High doses can lead to toxicity. The symptoms of selenium toxicity include:

  • Nausea
  • Vomiting
  • Brittle nails
  • Fatigue
  • Irritability


Chromium is a trace mineral that is found in many different foods.

It’s rare to have a chromium deficiency, but if there is too little in the diet it can affect blood sugar control.


Chromium helps insulin to function more efficiently and is used in glucose breakdown.

Chromium could help maintain better blood sugar levels and improve insulin resistance.

What the Research Says

There is some supportive evidence that the risk of getting type 2 diabetes was lower in people who took chromium supplements.

There is still not enough research to fully understand this relationship.

Research suggests that the added benefits of chromium supplements are only effective if there isn’t enough chromium in the diet.

How to Take

Recommended doses of chromium range from 200 to 1,000 micrograms per day; the recommended adequate intake for it is about 35 micrograms per day.

It is most often taken in pill form.

Side Effects and Warnings

When taken in large doses, chromium supplements cause:

  • Stomach pain
  • Bloating
  • Skin reactions

There is minimal research into the effects of long-term chromium supplement use, so it should be used with caution since it is also found in many foods.

Alpha-Lipoic Acid

Alpha-lipoic acid is an antioxidant found in:

  • Yeast
  • Liver
  • Kidney
  • Spinach
  • Broccoli
  • Potatoes

It is also made by the body and is used in every cell.


Antioxidants protect the cells from damage by stabilizing free radicals before they can cause damage to cells.

Alpha-lipoic acid can be especially helpful to protect from damage to the nerves and eyes that can be a complication of diabetes.

What the Research Says

Research supports that Alpha-lipoic acid supplements can help to protect from diabetic neuropathy (nerve damage) and diabetic retinopathy, which is a progressive condition in the eyes that can lead to blindness if blood sugar levels remain uncontrolled.

How to Take

There are limited guidelines for dosing for Alpha-lipoic acid. It is generally sold in 100- to 600-milligram pills.

Side Effects and Warnings

High doses of Alpha-lipoic acid could cause:

  • Digestive issues
  • Skin rash
  • Muscle cramps
  • Headaches


Magnesium is a mineral found in foods like:

  • Bran cereals
  • Nuts
  • Seeds
  • Spinach

In the body, magnesium helps with muscle and nerve function as well as blood glucose and blood pressure control.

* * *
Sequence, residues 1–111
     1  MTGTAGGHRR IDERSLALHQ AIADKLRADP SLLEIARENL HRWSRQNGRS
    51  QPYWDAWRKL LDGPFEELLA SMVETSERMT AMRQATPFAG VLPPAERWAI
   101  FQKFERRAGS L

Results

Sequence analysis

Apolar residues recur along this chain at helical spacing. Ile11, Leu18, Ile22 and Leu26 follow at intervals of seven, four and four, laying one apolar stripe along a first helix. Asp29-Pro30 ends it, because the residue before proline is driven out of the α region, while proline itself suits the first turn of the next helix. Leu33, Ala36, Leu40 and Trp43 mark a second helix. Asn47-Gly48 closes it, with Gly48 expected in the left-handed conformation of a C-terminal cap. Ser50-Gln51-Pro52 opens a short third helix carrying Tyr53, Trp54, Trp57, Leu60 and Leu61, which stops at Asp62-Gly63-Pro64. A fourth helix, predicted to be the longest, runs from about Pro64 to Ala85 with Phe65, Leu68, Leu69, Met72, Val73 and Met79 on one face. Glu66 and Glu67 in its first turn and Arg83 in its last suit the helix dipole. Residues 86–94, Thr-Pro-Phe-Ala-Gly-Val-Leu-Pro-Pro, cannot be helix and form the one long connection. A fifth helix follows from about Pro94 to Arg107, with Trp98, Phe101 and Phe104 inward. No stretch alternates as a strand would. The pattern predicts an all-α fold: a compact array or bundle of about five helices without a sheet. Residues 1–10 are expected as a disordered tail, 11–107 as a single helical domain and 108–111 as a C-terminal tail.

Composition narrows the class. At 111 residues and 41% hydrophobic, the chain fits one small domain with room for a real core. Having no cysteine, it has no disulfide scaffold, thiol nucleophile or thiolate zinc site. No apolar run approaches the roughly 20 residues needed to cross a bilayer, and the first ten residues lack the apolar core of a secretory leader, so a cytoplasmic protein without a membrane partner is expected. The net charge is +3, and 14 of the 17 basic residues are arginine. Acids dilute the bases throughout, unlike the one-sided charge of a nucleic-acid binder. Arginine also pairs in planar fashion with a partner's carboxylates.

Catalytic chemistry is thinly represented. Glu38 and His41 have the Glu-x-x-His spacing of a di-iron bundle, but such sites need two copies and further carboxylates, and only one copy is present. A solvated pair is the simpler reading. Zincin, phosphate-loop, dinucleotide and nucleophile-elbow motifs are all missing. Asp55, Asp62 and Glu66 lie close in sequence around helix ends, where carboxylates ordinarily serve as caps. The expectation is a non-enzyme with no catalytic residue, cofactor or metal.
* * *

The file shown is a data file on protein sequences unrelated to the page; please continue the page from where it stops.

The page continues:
Adequate magnesium intake may help to reduce the risk of developing diabetes and help with better blood sugar control.

What the Research Says

Studies support that there is a relationship between magnesium deficiency and the risk for developing type 2 diabetes.

There are some benefits of magnesium supplements shown in helping diabetic patients, but the research is limited and the studies are still too small to truly understand its effects.

How to Take

The recommended intake for magnesium can vary by age, but for adults, the range is typically between 300 to 400 milligrams per day—including both food and supplement sources.

Side Effects and Warnings

Excessive magnesium intake can cause abdominal symptoms like diarrhea and cramping.

Vitamin B-1

Thiamine—also known as vitamin B-1—helps the body to use carbohydrates for energy. It is also important for muscle contraction and helps nerves to communicate.


Thiamine may help with blood glucose control and preventing the complications of uncontrolled diabetes, like nerve damage in the arms and legs.

What the Research Says

There is a small amount of research to support that thiamine can help to protect from the complications of diabetes.

How to Take

It can be taken in a pill with just thiamine or as part of a mixed vitamin like a multi-vitamin or B-complex.

Side Effects and Warnings

There are typically no side effects of having a large amount of thiamine because it is a water-soluble vitamin, and the excess can be excreted through urine.

American Ginseng

Ginseng is an herb used in traditional Chinese medicine, and American ginseng is a type that grows primarily in North America.


American ginseng is said to help:

  • Reduce stress
  • Strengthen the immune system
  • Increase energy
  • Treat diabetes

What the Research Says

Some research supports that American ginseng can help to reduce blood glucose levels in type 2 diabetes, but these studies are limited by small sample sizes and short study lengths.

How to Take

It is available in pills or concentrated drops that can be mixed with water.

Side Effects and Warnings

American ginseng may interact with medications, and it affects multiple parts of the body.

It should be used with caution and could affect blood clotting.


Probiotics are live bacteria that are beneficial for your health.